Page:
Why is the round ligament of the uterus seen in the inguinal canal?
Tethered to labio-scrotal folds
Why does the ovary not move any more inferiorly that the pelvis?
It is tethered by ligaments
What does gestation depend on?
Placental support within female reproductive tract
What are hermaphrodites?
Individuals that have both ovarian and testicular tissue
If a hermaphrodite has the genotype 46, XX what do they usually have?
Are hermaphrodites typically male or female in terms of genital development?
Describe the hormone derangement in congenital adrenal hyperplasia.
Low steroid hormone production by the adrenals and hence high ACTH production
Which two processes can be affected in congenital adrenal hyperplasia?
21-hydroxylation or more rarely 17-alpha-hydroxylation
How might females affected by congenital adrenal hyperplasia present?
Parietal masculinisation with large clitoris, virilisation with male appearance, female internal and external genitalia but failure of secondary sexual characteristics
What is inhibited in males affected by congenital adrenal hyperplasia?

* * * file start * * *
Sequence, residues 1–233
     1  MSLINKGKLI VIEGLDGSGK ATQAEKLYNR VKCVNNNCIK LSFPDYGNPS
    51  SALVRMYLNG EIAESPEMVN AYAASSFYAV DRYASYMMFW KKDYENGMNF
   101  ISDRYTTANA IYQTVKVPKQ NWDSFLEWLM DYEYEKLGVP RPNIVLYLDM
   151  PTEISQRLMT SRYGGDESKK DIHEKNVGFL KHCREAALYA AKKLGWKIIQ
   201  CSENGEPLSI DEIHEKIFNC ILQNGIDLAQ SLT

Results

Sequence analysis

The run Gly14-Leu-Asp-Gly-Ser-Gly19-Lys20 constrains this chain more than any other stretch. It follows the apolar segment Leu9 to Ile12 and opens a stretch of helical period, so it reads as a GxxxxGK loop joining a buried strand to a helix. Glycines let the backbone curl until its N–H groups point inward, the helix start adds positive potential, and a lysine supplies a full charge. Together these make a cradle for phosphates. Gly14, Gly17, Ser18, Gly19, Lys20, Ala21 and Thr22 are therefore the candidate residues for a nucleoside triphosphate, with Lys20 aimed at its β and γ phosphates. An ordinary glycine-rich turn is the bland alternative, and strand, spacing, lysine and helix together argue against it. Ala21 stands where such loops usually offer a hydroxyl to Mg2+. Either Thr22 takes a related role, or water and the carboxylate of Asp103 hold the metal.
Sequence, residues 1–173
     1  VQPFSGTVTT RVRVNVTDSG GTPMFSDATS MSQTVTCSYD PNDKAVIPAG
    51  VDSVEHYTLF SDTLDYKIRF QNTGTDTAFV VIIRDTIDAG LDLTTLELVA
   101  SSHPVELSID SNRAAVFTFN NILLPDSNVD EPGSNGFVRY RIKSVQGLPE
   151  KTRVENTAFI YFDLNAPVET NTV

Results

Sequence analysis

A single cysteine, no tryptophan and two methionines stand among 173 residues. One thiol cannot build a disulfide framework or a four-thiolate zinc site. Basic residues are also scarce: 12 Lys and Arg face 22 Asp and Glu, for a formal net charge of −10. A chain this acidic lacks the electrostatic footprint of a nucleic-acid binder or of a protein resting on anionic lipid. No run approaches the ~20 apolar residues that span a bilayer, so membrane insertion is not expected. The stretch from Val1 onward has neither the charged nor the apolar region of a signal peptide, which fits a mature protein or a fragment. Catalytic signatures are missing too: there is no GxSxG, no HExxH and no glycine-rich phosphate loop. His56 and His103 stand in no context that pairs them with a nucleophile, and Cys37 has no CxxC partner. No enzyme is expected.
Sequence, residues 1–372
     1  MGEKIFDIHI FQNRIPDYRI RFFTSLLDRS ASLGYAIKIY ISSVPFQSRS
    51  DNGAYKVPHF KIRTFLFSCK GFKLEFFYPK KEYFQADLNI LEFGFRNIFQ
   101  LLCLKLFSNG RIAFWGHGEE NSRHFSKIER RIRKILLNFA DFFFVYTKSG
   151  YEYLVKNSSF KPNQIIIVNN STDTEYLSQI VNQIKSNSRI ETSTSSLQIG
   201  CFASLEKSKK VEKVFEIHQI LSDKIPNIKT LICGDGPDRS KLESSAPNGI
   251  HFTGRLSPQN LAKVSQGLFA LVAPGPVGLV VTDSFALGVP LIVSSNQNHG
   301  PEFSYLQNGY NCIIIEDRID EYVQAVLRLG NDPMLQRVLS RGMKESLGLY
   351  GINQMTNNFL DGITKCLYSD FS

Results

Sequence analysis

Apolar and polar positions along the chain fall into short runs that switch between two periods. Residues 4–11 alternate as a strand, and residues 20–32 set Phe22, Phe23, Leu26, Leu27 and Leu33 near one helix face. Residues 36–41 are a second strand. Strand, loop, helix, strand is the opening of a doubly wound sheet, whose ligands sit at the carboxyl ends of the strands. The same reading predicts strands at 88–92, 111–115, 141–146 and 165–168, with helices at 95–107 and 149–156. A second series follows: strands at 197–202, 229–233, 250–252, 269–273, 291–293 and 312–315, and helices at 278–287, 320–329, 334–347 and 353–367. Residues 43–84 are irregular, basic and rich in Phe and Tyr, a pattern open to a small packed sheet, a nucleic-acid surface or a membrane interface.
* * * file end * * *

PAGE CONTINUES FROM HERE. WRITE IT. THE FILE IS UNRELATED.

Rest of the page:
What happens in androgen insensitivity syndrome?
Males that have a Y chromosome and testis but lack of receptors to/response to dihydrotestosterone --> no male genitalia but paramesonephric duct is suppressed
How may an individual affected by complete androgen insensitivity syndrome present?
Short/poorly developed vagina, testes in inguinal or labial regions but no spermatogenesis
What does complete androgen insensitivity syndrome increase the risk of?
Describe the spectrum of effects seen in mild/partial androgen insensitivity syndromes.
Partial --> ambiguous genitalia
Tested are usually undescended
What happens in 5-alpha-reductase deficiency?
Testosterone is not converted to dihydrotestosterone therefore causing ambiguous genitalia in males with hypospadias/clitoromegaly
Describe Klinefelter syndrome.
47, XXY causing decreased fertility, small testes, decreed testosterone +/- gynaecomastia
Describe Swyer syndrome (XY female gonadal dysgenesis).
Point mutations/deletion of SRY gene so pts appear to be female but do not menstruate or develop secondary sexual characteristics
Describe Turner syndrome.